The Troposphere

Feb 25 2013   7:12PM GMT

Bare-metal approach may ease cautious enterprises into cloud

Ed Scannell Ed Scannell Profile: Ed Scannell

The idea of migrating existing workloads to public clouds got a bit of a boost earlier this month when Racemi disclosed its migration software would support SoftLayer’s popular CloudLayer platform. Racemi sweetened the deal with a time-limited offer of $99 per migrations.

Rather than cost-savings, the more important aspect of the deal is SoftLayer’s “bare-metal cloud” approach, which allows customers to customize its hardware infrastructure from processors, storage needs and high-speed networks. What also enhances the company’s offering is CloudLayer doesn’t require any lengthy contractual commitment from customers, who only pay for those resources they need’

IT shops commonly voice objections about moving workloads to the public cloud for several reasons — from security risks to unknown ROI factors to the paranoia of moving their mission-critical data outside their four walls. These fears often turn into inertia, delaying decisions to move to the public cloud indefinitely.

SoftLayer’s approach could give some consumers more confidence to move forward by providing them more control over what hardware infrastructure to choose and just how much they want to pay for it.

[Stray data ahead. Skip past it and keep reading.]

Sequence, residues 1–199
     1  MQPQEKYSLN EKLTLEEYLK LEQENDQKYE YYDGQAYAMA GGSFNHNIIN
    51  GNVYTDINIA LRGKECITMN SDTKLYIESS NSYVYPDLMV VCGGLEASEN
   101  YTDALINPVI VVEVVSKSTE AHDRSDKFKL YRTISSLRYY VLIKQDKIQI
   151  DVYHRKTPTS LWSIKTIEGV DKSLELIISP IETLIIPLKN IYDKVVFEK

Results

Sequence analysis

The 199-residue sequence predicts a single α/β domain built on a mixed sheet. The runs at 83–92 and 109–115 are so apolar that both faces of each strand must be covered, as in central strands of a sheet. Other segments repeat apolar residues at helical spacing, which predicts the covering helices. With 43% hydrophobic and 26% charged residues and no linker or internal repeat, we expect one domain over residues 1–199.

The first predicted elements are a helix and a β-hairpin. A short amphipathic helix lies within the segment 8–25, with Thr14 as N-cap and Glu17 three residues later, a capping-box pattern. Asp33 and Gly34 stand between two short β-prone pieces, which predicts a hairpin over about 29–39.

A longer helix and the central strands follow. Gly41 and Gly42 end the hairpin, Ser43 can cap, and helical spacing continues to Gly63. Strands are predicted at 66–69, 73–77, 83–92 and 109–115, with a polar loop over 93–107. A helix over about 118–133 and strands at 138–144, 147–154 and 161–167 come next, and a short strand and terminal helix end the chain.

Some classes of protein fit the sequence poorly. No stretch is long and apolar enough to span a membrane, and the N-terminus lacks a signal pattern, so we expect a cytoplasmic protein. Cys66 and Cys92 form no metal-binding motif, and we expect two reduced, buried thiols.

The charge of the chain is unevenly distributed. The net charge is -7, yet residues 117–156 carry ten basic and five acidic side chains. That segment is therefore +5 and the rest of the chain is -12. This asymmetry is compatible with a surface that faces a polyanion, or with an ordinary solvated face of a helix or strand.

The bare-metal cloud approach takes the hypervisor out of the mix, which can increase the raw processing power of consumer’s hardware infrastructure. This approach may help not only those suffering from inertia about moving to public clouds, but it may also give incentive to the growing number of shops with existing cloud implementations thinking about handling “big data” and large databases there.

CloudLayer is made up virtual servers, remote storage and a content delivery network. Each CloudLayer service can work in standalone mode or be integrated with a number of dedicated servers and automated services using one private network and management system.

“We think it can be this easy to create and control a hybrid computing environment, for instance, that is interoperable,” said Marc Jones, vice president of product innovation at SoftLayer.

What might also boost user confidence in this approach is the fact SoftLayer is one of the largest privately held cloud infrastructure providers with 13 data centers that every once in a while picks off a few Amazon Web Services customers.

“We don’t aggressively try to steal Amazon customers, but we do pick some up, particularly those that have performance issues where they need high disk I/O and higher network speeds,” Jones said.

For its part, Racemi updated its Cloud Path Software as a Service (SaaS) offering and DynaCenter on-premises software to support physical and virtual server migrations to CloudLayer. Customers can also automatically migrate cloud instances from other cloud providers to CloudLayer.

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